phone service kashmir

Pakistani doctors hold placards and shout slogans as they take part in a protest against India, in Karachi on Sept. 5. India's decision in early August to scrap Kashmir's autonomy and impose a ban on phone and internet communications has left the region reeling, cutting off its eight-million-strong population from the outside world. (Asif Hassan/AFP/Getty Images)

SRINAGAR (AP) — Officials said Sept. 5 they have restored landline telephone service in Indian-administered Kashmir after suspending most communications on Aug. 5, when India’s government downgraded the Muslim-majority region’s autonomy and imposed a strict security lockdown.

The government says it suspended communications across the Kashmir Valley, including the main city of Srinagar, to prevent rumors from spreading after the state was downgraded to two federal districts.

The suspension by the government of Prime Minister Narendra Modi has almost completely isolated people in Indian-ruled Kashmir.

Firdous Ahmad, a Srinagar resident, said the restoration of landline service “definitely brings a sigh of relief” from Kashmiris living under the lockdown.

He said he hoped cellphone and internet data services, which are more widely used, would also be restored soon.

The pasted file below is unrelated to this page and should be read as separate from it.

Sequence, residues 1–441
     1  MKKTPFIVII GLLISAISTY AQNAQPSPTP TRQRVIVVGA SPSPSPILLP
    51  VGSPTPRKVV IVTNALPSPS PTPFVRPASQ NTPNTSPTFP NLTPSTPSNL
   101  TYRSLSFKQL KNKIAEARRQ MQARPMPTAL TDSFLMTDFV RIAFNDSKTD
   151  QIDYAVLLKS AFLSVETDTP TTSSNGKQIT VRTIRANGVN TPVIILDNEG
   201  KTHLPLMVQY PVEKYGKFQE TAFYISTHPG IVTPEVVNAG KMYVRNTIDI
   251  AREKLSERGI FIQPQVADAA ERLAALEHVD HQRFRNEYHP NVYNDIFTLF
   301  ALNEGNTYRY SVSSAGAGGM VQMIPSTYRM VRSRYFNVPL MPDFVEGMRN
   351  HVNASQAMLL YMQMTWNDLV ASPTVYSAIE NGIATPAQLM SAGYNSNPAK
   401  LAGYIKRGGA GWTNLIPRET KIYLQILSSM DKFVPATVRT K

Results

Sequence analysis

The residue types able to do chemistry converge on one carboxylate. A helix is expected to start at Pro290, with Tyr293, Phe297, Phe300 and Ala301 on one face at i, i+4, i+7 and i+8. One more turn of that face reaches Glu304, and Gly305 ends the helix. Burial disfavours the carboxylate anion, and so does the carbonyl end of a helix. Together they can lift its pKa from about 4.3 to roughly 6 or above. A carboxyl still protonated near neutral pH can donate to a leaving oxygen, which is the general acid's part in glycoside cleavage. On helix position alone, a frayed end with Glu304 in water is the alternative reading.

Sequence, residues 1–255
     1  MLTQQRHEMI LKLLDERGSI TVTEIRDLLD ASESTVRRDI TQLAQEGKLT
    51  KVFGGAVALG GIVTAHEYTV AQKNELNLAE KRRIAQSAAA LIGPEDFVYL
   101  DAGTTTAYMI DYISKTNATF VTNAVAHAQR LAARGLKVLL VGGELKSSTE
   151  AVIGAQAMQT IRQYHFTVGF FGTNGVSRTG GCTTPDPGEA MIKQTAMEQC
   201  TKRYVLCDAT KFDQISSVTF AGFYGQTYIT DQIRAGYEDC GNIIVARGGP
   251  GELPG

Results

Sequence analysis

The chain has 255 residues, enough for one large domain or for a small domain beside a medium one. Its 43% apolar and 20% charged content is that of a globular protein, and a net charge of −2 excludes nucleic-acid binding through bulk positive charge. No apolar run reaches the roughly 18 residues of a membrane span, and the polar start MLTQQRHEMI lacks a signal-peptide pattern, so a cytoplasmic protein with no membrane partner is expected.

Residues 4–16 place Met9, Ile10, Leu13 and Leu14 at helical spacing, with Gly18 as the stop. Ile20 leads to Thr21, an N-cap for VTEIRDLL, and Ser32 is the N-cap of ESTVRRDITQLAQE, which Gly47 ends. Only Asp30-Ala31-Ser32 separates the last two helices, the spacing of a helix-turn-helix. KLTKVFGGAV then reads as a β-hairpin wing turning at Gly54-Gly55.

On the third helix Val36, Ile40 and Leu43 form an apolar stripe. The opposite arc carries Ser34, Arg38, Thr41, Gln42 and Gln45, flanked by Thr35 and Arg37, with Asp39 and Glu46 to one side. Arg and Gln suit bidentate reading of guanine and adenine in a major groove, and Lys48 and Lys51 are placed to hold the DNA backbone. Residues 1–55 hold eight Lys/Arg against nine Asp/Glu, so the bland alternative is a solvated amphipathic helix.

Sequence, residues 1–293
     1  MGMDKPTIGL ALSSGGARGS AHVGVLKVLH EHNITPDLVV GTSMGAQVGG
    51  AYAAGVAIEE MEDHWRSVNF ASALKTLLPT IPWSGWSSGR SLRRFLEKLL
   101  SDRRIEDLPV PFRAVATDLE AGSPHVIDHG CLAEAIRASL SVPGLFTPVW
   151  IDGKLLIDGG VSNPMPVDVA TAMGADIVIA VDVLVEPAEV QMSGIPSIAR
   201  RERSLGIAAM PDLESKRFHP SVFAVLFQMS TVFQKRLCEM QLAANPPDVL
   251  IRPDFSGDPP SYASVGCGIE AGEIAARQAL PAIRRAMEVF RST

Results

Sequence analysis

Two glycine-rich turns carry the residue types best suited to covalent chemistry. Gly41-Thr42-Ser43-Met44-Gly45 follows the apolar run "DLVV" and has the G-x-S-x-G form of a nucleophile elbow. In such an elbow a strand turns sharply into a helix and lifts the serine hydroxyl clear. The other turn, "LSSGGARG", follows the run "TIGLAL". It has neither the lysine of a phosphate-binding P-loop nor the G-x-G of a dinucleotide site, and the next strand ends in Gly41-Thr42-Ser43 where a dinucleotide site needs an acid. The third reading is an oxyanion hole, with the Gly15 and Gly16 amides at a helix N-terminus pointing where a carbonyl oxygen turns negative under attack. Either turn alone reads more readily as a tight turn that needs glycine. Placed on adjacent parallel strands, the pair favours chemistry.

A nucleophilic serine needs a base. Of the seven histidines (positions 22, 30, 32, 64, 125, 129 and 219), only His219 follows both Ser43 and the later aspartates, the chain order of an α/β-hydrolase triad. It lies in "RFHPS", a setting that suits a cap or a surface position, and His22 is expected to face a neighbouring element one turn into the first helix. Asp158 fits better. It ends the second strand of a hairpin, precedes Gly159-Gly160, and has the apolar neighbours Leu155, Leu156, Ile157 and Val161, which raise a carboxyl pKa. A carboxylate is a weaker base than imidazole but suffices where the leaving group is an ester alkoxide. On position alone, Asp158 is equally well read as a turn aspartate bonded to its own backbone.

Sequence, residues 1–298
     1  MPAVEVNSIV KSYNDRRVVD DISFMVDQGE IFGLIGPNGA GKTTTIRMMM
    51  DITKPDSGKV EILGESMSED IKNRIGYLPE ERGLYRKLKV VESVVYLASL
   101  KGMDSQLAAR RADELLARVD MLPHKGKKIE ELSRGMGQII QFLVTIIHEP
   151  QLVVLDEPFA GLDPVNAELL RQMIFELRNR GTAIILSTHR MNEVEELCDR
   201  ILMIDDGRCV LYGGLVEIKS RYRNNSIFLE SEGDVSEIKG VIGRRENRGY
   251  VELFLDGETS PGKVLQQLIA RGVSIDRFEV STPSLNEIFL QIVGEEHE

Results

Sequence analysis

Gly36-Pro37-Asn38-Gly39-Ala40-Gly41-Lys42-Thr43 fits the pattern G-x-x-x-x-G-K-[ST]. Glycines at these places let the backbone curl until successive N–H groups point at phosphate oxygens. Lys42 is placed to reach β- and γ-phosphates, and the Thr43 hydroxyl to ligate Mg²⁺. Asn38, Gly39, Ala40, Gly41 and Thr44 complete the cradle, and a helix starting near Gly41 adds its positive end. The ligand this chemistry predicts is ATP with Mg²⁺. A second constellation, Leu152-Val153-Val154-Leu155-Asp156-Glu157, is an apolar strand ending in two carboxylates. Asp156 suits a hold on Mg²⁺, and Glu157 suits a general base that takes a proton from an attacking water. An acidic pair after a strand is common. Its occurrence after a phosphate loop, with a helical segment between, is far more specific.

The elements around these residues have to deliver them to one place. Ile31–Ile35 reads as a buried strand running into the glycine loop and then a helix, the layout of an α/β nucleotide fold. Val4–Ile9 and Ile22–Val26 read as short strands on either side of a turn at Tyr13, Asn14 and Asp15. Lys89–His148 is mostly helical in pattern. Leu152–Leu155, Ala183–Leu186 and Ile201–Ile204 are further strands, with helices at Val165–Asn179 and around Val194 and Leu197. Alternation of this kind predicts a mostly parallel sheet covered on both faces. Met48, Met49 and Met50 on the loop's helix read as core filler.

People lined up at offices or homes that have landline telephones to try to contact family and friends after being unable to do so for a month.

But many were unable to get through after repeated attempts.

“Our land lines have been restored but we are still unable to talk to people. It is frustrating. I have been trying to call people since morning but I am not getting through,” said Syed Musahid, a Srinagar resident.

Many Kashmiris living outside the valley also said they were having trouble getting in touch with their families back in Kashmir.

“I kept trying a hundred times to reach my family in Kashmir, and only then did my call go through,” said Bint-e-Ali, a Kashmiri in the Indian city of Bengaluru.

She said she still hasn’t been able to talk to her ailing grandmother in Srinagar.

“I hope I live to tell this horrendous tale to our next generation about how India didn’t even let us talk to our family and friends,” she said.

The Press Trust of India news agency reported there are no longer any restrictions on daytime movements in the Kashmir Valley. However, checkpoints remain in place.

There have been sporadic protests against India’s downgrading of the region’s autonomy that were quelled by security forces who fired pellets and tear gas.

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